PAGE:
"A 17-year effort to end the use of the Washington Redskins’ name hit a stone wall Nov. 16 when the U.S. Supreme Court declined to hear a lawsuit over the NFL team’s name and trademark.
Four justices needed to vote to hear the case for it to be heard. By declining the case, the Supreme Court let stand an earlier federal appeals court ruling that said the plaintiffs in the lawsuit had waited too long to file the suit.
The high court’s decision, which it made with no comment, struck a serious blow to efforts to end the team’s use of the name Redskins.
It was an anti-climactic and frustrating end to a lawsuit that had come to represent for many in Indian country the most visible and persistent effort by a sports team to continue its use of an offensive Indian team name and mascot.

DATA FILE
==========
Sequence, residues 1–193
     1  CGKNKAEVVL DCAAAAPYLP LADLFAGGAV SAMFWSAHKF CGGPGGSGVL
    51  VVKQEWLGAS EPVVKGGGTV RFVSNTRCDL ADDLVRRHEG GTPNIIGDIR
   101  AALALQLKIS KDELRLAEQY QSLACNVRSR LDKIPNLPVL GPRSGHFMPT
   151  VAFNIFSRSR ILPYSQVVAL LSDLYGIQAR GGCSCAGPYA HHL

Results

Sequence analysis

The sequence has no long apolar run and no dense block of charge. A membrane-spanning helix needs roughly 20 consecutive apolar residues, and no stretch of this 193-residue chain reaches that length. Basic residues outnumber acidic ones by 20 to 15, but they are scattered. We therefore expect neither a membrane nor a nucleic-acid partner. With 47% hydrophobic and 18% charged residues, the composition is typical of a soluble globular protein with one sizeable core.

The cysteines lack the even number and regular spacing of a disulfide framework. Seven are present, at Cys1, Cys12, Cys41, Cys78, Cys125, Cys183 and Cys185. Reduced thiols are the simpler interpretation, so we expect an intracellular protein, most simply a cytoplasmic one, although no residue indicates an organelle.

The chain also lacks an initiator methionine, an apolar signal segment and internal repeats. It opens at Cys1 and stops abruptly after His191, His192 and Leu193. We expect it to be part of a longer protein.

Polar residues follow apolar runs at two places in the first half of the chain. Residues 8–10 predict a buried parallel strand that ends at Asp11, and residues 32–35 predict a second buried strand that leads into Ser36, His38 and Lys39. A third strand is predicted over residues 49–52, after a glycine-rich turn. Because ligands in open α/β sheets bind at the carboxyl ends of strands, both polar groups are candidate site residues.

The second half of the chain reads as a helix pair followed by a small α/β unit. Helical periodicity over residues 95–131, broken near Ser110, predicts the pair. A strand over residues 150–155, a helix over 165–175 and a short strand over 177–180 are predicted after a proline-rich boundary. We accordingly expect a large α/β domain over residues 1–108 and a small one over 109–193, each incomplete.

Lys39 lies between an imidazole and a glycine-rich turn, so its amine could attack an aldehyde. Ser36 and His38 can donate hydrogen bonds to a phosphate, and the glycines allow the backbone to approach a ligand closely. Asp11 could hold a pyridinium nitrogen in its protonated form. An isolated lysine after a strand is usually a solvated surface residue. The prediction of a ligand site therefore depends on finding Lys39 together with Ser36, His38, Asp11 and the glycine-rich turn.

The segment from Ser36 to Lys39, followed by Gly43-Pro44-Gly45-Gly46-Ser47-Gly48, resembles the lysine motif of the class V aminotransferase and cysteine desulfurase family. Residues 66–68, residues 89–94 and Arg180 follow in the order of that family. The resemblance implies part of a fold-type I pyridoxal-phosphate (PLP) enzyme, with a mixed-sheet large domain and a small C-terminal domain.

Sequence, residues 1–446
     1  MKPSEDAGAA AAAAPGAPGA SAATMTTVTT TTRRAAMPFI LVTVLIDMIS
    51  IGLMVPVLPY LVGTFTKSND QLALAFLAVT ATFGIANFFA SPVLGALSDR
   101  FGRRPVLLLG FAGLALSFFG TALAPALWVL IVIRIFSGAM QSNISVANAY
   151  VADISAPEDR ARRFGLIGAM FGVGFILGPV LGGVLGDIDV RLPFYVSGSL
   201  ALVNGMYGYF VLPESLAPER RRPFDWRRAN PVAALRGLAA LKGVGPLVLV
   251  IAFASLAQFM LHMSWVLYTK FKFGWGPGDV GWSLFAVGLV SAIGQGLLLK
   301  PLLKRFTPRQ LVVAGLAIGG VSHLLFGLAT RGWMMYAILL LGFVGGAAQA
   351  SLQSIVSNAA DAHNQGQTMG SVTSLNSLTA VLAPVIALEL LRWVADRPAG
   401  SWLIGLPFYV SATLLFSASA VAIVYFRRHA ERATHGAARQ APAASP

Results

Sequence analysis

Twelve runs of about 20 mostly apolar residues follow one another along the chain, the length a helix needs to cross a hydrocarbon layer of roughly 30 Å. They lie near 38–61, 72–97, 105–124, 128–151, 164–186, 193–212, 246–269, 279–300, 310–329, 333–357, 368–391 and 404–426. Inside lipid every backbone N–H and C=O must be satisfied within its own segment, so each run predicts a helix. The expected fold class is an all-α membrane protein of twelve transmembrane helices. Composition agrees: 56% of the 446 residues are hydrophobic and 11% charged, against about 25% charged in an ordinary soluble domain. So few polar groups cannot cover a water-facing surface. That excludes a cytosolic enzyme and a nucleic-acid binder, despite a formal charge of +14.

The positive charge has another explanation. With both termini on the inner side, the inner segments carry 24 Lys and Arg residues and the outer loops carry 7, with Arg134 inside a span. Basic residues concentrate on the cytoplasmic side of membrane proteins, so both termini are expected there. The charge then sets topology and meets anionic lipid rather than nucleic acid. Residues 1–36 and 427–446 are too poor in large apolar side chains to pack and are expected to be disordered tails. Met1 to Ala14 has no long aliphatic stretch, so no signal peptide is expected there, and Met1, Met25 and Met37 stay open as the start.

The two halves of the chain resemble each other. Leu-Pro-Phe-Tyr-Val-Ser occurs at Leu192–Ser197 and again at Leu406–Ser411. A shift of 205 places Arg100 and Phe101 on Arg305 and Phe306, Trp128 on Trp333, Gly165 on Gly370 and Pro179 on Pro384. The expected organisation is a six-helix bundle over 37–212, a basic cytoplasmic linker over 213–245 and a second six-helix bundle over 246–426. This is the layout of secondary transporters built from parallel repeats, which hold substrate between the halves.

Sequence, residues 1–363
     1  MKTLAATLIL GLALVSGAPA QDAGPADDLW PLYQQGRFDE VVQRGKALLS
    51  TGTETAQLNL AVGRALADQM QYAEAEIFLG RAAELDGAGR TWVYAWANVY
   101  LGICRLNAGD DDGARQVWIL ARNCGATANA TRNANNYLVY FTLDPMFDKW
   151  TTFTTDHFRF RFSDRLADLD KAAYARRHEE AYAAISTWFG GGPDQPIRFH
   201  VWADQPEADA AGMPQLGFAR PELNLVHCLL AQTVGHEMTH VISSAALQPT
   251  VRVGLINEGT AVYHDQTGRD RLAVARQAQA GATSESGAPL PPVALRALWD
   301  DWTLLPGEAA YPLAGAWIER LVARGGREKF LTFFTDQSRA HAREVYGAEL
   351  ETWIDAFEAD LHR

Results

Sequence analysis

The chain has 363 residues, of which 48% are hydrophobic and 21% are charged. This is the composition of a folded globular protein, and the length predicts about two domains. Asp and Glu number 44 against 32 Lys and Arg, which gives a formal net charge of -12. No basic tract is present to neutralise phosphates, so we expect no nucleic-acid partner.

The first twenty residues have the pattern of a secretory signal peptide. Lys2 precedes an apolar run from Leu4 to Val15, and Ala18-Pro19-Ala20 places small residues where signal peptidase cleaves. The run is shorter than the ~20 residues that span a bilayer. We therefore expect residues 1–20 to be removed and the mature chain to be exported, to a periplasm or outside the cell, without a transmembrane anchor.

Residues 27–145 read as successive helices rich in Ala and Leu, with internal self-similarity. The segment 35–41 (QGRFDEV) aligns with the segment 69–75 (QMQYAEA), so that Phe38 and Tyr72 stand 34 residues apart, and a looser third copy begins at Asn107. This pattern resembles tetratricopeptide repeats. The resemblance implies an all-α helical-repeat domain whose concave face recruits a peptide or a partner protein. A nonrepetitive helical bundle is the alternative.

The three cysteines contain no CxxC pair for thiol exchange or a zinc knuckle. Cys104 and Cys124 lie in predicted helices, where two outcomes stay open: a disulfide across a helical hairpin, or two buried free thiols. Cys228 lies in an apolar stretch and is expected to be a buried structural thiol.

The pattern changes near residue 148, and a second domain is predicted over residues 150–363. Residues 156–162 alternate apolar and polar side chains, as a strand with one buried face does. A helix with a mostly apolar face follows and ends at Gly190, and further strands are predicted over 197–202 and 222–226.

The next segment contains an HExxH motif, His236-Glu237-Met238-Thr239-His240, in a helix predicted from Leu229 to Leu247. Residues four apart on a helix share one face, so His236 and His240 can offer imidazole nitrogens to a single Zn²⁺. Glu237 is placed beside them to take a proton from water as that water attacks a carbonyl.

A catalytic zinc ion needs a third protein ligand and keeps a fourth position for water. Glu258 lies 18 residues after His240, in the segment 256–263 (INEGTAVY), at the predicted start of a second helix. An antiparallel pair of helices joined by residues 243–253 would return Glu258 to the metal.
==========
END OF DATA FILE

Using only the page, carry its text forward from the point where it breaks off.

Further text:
The lawsuit’s plaintiffs – including lead plaintiff Suzan Shown Harjo, Cheyenne and Hodulgee Muscogee – had argued that U.S. trademark law does not protect such racist names.
The term “redskins” actually refers to the Indian skins and body parts that bounty hunters had to show in order to receive payment for killing Indians, the National Congress of American Indians argued in a brief filed before the high court."
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Editorial: Supreme Court drops the ball on Redskins suit
(Indian Country Today 11/20)